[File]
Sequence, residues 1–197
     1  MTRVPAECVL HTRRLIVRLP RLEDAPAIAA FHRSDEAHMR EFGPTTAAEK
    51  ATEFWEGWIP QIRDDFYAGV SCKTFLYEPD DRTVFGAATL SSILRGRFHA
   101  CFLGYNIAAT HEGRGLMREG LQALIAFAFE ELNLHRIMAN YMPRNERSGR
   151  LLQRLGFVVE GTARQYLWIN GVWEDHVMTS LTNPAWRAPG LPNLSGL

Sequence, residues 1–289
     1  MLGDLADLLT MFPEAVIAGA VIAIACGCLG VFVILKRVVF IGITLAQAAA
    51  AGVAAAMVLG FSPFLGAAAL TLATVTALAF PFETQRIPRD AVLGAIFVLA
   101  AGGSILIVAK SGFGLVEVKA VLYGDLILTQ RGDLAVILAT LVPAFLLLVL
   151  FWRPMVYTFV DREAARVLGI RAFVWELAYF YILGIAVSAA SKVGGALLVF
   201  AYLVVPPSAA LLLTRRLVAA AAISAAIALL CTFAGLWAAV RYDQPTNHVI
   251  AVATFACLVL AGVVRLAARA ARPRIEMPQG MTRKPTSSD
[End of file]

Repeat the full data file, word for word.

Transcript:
Sequence, residues 1–197
     1  MTRVPAECVL HTRRLIVRLP RLEDAPAIAA FHRSDEAHMR EFGPTTAAEK
    51  ATEFWEGWIP QIRDDFYAGV SCKTFLYEPD DRTVFGAATL SSILRGRFHA
   101  CFLGYNIAAT HEGRGLMREG LQALIAFAFE ELNLHRIMAN YMPRNERSGR
   151  LLQRLGFVVE GTARQYLWIN GVWEDHVMTS LTNPAWRAPG LPNLSGL

Sequence, residues 1–289
     1  MLGDLADLLT MFPEAVIAGA VIAIACGCLG VFVILKRVVF IGITLAQAAA
    51  AGVAAAMVLG FSPFLGAAAL TLATVTALAF PFETQRIPRD AVLGAIFVLA
   101  AGGSILIVAK SGFGLVEVKA VLYGDLILTQ RGDLAVILAT LVPAFLLLVL
   151  FWRPMVYTFV DREAARVLGI RAFVWELAYF YILGIAVSAA SKVGGALLVF
   201  AYLVVPPSAA LLLTRRLVAA AAISAAIALL CTFAGLWAAV RYDQPTNHVI
   251  AVATFACLVL AGVVRLAARA ARPRIEMPQG MTRKPTSSD